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August 25, 2011 7:28 PM

Judge Scrutinizes Legal Fees in WexTrust Ponzi Scheme Case

Posted by Sara Randazzo

It's been a tough month for law firms looking to be paid for their work on the receivership case connected to WexTrust Capital, a Chicago-based real estate investment firm that collapsed in 2008 after the Securities and Exchange Commission charged two of its executives with running a Ponzi scheme that defrauded 1,200 primarily Orthodox Jewish investors. According to the SEC, WexTrust Capital illegally diverted $100 million of the $255 million it raised to invest in commercial real estate, commodity funds, and South African diamond mines for other purposes.

In addition to raising concerns about the proposed hiring of Kasowitz Benson Torres & Friedman as insurance coverage counsel on the matter at an early August hearing, Judge Denny Chin of the U.S. Court of Appeals for the Second Circuit has also limited fee awards to several firms working on the case and rejected what he said was too lenient a settlement with a Chicago law firm accused of malpractice by the WexTrust estate. (Chin continues to oversee the case, filed in Manhattan federal district court, though he was elevated to the appellate bench last year.)

In a court order filed Wednesday, Chin recognized the "diligence, competence, and skill" of ther various professional services firms working on the matter, but also said he was troubled that the WexTrust estate has paid more than $15.5 million to those firms so far—"more than three times the approximately $5 million paid to the victims."

Of that $15.5 million, more than half has gone to Dewey & LeBoeuf, the former firm of court-appointed WexTrust receiver Timothy Coleman. When Washington, D.C.–based Coleman jumped to Freshfields Bruckhaus Deringer in March 2010, he took the WexTrust work with him.

Chin ruled Wednesday that Dewey has received enough money from the estate for now and denied the firm's latest fee request, its tenth, for $666,605 covering its work on the matter from November 2009 to June 2010 (Dewey says approximately $23,000 of that belongs to Coleman). According to Chin's order, he will reconsider Dewey's fee request when the case concludes.

A fee request from Freshfields for work done between March 2010 and December 2010 fared better. Chin approved payment of $155,479, including $17,438 billed by Coleman specifically. The approved amount reflects a previously agreed upon 50 percent holdback of the firm's already discounted fees. Freshfields, too, can apply to receive the balance of its fees at the conclusion of the case, Chin ruled.  

In his order, Chin did express concern over Freshfields's rates which, even factoring in its agreed-upon 35 percent discount, still run between roughly $179 and $634 an hour.

It wasn't the first time this month that the judge raised the issue of high law firm billing rates in connection with the case.

At an August 3 hearing to discuss a proposed settlement with Much Shelist Denenberg Ament & Rubenstein, a Chicago law firm facing a malpractice suit for its work representing WexTrust on securities matters before it collapsed, Chin considered a request from Coleman to hire Kasowitz to help pursue professional liability claims against Much Shelist's insurance company.

"Kasowitz Benson is a terrific law firm, an expensive law firm," Chin said at the hearing, according to The Virginian-Pilot. Then he asked, "Do we need Kasowitz Benson here?"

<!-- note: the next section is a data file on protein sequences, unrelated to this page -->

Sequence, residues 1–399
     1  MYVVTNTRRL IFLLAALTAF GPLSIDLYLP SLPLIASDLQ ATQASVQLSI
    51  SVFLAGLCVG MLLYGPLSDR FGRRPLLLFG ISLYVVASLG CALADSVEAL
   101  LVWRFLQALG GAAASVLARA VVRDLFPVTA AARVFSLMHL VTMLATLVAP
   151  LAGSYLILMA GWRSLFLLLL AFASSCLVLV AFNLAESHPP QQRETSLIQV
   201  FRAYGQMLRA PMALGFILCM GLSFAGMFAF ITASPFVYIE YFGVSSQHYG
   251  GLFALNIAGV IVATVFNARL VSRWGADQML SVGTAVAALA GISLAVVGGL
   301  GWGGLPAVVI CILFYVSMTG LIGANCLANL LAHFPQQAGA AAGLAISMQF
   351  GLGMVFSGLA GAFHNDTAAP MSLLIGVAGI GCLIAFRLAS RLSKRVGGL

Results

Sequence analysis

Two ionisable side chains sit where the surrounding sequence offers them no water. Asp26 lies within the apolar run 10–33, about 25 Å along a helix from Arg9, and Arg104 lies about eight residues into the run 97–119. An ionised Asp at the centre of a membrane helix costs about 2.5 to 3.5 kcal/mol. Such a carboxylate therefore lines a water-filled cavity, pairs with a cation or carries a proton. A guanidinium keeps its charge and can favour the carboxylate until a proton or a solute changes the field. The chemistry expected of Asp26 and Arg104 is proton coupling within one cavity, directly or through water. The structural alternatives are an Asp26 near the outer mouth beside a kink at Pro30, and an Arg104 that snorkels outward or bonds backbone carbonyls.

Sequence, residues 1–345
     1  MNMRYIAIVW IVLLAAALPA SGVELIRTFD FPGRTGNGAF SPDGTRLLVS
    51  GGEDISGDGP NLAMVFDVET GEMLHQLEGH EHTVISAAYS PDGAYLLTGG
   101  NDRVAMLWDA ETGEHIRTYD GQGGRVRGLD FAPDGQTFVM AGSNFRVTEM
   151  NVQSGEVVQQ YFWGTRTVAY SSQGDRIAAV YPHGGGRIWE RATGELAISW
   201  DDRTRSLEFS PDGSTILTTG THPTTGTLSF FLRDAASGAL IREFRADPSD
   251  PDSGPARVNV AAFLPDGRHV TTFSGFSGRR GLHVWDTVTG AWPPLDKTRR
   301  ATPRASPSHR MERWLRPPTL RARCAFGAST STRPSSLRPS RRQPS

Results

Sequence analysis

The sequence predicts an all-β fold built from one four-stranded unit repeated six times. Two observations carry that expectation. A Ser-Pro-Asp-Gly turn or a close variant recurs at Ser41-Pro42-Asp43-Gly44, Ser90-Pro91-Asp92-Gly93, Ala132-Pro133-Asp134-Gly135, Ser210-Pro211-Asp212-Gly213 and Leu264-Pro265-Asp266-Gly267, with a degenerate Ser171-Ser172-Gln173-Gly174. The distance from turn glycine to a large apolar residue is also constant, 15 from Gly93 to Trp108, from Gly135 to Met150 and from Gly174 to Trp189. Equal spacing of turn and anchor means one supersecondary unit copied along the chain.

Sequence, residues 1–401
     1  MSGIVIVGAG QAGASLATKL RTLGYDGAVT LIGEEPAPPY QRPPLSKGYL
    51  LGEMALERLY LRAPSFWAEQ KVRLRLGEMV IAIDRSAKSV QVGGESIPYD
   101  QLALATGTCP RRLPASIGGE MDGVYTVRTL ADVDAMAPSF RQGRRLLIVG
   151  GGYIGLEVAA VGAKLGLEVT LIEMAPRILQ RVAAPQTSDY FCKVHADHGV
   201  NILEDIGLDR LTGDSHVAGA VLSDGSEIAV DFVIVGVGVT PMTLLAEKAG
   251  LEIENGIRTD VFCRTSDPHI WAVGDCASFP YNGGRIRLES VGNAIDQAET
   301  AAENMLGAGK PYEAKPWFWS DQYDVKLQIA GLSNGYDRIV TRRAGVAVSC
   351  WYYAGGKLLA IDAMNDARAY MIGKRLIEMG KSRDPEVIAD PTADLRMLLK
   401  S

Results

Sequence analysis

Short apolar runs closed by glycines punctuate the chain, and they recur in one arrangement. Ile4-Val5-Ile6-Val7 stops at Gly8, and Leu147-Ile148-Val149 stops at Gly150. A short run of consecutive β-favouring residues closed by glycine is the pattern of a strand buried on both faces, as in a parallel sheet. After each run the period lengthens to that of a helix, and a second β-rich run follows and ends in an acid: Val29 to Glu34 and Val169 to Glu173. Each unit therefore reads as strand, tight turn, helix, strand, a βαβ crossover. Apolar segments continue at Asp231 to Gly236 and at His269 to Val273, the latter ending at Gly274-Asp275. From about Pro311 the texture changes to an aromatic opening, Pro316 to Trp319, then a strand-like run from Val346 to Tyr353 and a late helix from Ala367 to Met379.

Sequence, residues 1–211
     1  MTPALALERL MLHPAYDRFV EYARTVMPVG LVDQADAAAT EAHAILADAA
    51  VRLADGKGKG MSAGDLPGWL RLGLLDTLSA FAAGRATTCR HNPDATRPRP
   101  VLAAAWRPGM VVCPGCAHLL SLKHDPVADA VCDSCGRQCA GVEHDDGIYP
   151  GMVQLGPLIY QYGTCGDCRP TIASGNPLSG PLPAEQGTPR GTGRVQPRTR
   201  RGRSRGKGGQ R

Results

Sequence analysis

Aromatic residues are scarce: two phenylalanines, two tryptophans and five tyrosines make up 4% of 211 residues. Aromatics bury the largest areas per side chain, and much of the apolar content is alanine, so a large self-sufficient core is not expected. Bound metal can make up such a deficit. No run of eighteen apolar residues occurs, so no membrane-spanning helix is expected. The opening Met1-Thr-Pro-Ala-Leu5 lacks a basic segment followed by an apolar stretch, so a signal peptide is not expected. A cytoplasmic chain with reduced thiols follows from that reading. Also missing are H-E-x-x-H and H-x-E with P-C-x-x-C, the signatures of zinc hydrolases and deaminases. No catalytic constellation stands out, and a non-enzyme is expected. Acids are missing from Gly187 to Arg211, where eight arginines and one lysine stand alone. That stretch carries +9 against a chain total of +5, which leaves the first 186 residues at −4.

Chin questioned whether Kasowitz's fees would consume a significant portion of the $13 million Coleman had proposed hiring the firm to recover, the Virginian-Pilot reports. A number of defrauded investors filed court papers objecting to Kasowitz's hiring. In one such letter, an investor pointed to the proposed hiring of Kasowitz as continuing "the pattern of draining excessive fees from the estate for the benefit of the lawyers."

The question of Kasowitz's hiring may be moot for now. On Wednesday Chin also denied the proposed settlement that would have allowed Kasowitz to go after Much Shelist's insurer. The proposed settlement, filed with the court on May 6, suggests that it would be futile to try and extract any money from Much Shelist directly and would only generate more litigation-related legal fees for the estate. Chin took issue with that position, pointing to a public record showing that Much Shelist generates more than $15 million a year in income.

Chin, according to Wednesday's order, objected to the proposed settlement's leniency, saying it "would not require Much Shelist to pay even a nickel" and would bar any future claims from being brought against the firm over its WexTrust work. He also questioned why Much Shelist should be able to keep $2.38 million it collected for work done between January 2005 and December 2008 for the investment fund.

In Wednesday's order, Chin also approved $35,133 in fees for Arent Fox, and $262,760 for real estate adviser Badger Real Estate.

Chin has expressed concern about skyrocketing legal fees since the beginning of hearings. In December 2008, the judge asked Dewey to explain its billing practices, including why it should be paid $2.2 million for 20 days of work. The following month, he slashed that bill by 20 percent. Dewey later reduced its fees even further because of a lack of returns for WexTrust victims.

In attempting to recover some of the defrauded funds, the receivership got into at least one battle over where it's going to recover that money. The Am Law Daily reported in February 2010 that a group of 77 commodity pool investors claimed Dewey seized a $17.6 million fund unrelated to the fraud in order to pay itself millions in legal fees. 

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